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Daily Life Aboard the MV Explorer

Permission to Come Aboard.

Many of you have asked about life abroad the MV Explorer, our home for the past

The MV Explorer docked in Yokohama, Japan.

The MV Explorer docked in Yokohama, Japan.

three weeks.  So in this blog post, I’ll try to give you a sense of the daily life of students using lots of photos.

The ship is plenty big.  

The MV Explorer is 470-feet long. Displaces 25,000 tons. Has seven decks.  Two dining areas. Nine classrooms. A library. Computer Lab. Fitness Center. Lots of cabins and decks. And plenty of lifeboats.  (I hope.)

Still, with about 1,000 souls aboard, it’s not easy to find quiet space. Something is always going on.

I have it easy because except for one class per day my days are mostly unstructured. The 630 students on board have four classes to attend.  I’m taking two classes and find it hard to keep up; I don’t know how they do it with four. And I’m not even submitting essays or taking tests.

The view of the ship from a Go Pro mounted on a kite.

The view of the ship from a Go Pro mounted on a kite.

On the crossing, we had classes every single day for three weeks. There are no weekends on Semester at Sea.

Whenever it’s nice outside,

I tend to hang out on the sixth deck aft, off the Garden Lounge dining room.  There’s a lot of reading for my two classes. This is also where I do my journaling and answer emails.  One thing I do not do is any paying work. In one of the best decisions I ever made, I turned off my professional work to better participate on Semester at Sea.

A big passtime on the ship is congregating for the glorious sunrises and sunsets.  Here is just one of the many that we have been honored to see.

When the weather is not so nice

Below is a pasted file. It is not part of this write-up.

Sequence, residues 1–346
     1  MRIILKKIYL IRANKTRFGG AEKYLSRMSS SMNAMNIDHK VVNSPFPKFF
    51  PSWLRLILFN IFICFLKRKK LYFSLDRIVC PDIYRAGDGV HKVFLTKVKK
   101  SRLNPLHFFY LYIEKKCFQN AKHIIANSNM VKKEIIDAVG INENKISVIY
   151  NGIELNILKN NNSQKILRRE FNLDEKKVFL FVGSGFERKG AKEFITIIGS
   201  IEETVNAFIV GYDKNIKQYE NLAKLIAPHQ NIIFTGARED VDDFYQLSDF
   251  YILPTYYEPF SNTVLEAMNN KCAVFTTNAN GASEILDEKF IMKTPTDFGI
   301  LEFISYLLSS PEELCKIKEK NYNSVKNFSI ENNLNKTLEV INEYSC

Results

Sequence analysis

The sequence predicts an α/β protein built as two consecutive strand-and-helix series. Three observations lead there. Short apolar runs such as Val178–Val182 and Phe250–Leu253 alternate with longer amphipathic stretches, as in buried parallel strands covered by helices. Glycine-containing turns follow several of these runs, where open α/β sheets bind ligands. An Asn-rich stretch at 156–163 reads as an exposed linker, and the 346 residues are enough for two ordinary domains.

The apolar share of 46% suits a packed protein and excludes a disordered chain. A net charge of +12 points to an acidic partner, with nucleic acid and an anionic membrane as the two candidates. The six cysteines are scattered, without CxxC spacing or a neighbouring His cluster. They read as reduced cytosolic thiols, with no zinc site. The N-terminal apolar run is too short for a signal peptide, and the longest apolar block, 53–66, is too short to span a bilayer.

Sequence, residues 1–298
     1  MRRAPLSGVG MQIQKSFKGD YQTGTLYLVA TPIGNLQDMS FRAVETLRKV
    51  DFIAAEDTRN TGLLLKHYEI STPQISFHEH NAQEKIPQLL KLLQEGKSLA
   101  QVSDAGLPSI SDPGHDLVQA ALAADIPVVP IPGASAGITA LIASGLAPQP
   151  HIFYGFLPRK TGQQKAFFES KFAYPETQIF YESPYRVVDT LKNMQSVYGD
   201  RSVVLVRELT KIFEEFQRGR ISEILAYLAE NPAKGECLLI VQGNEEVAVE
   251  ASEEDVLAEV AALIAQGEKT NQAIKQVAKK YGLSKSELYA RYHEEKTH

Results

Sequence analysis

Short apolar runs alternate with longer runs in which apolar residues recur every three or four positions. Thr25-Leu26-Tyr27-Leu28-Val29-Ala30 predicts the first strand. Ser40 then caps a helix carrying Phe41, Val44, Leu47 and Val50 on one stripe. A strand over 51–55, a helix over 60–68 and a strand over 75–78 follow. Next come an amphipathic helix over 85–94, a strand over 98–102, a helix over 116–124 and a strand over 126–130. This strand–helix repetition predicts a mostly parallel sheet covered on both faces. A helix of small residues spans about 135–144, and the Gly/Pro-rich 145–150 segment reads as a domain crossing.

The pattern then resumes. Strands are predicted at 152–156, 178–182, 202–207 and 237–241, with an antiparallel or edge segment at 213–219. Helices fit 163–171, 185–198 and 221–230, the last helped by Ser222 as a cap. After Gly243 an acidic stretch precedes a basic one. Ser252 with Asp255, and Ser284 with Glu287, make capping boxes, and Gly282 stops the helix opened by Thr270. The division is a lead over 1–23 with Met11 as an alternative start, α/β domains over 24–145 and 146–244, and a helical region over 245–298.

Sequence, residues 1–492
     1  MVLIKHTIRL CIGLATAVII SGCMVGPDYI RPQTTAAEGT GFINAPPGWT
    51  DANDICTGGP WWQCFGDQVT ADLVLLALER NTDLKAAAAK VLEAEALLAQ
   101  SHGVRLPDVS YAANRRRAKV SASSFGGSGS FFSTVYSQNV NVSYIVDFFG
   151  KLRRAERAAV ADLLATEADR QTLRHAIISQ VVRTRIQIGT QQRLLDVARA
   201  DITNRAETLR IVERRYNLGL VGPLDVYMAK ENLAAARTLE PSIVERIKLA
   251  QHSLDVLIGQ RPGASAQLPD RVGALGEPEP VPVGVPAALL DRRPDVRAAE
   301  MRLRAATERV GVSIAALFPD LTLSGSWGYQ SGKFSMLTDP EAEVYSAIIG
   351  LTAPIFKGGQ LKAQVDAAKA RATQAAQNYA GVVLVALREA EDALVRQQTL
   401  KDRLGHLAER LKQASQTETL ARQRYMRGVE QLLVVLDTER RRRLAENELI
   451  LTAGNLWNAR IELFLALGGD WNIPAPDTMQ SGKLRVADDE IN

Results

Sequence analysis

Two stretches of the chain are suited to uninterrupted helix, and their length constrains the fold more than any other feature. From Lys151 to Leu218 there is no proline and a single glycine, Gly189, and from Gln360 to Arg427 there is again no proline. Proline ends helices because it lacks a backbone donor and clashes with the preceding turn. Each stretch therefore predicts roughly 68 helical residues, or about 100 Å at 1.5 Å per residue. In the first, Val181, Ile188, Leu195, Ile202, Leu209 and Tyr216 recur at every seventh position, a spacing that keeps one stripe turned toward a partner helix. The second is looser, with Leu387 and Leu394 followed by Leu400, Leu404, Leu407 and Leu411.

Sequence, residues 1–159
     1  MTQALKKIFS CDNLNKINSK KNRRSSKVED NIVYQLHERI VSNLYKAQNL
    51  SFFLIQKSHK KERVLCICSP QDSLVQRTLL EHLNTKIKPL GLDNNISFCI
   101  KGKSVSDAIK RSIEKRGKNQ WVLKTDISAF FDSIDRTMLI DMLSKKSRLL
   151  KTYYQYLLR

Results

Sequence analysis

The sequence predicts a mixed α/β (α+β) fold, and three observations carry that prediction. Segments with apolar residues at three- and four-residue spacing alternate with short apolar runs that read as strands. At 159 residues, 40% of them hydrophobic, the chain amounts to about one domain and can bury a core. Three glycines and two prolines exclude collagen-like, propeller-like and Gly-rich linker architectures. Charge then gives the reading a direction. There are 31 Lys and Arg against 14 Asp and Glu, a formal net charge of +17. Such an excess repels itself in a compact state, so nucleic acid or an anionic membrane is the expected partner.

or it’s too windy, I tend to do my work in the Glazer Faculty Lounge, a space on the bow of the ship on the seventh deck. This is the one space on the ship that students may not use, so it’s usually quiet. Faculty typically are here preparing for their classes or grading papers.

I have one project that keeps me busy. Ever since high school, I made daily notations on flip-type desk calendars, you know, the ones where you have to flip a page every day. I kept notes on what I did that day, important events, movies I saw, etc. I’ve kept all those

A big project is transcrbing my old day calendars. This is 1973. Just 19 more to go.

A big project is transcrbing my old day calendars. This is 1973. Just 19 more to go.

calendars and on this trip I intend to transcribe all the information into my computer so I can finally get rid of the paper.  It’s been a lot of fun to go back over my high school, college, and adult days day by day. I can tell you with some precision what I did on, say, January 28, 1967.

Besides classes and meals,

I try to take time to exercise.  At night there are always lectures by faculty or fellow travelers.

The students have organized activities.  I’m leading an improvisational writing group.  I go to bed feeling fulfilled in every way.

Let me close with a few more photos describing ship life, emphasizing the students who are, after all, the whole point of Semester at Sea. Next time: the view from Japan.

Students trying to keep their balance when the ship is rolling.

Students just love to watch the Pacific.


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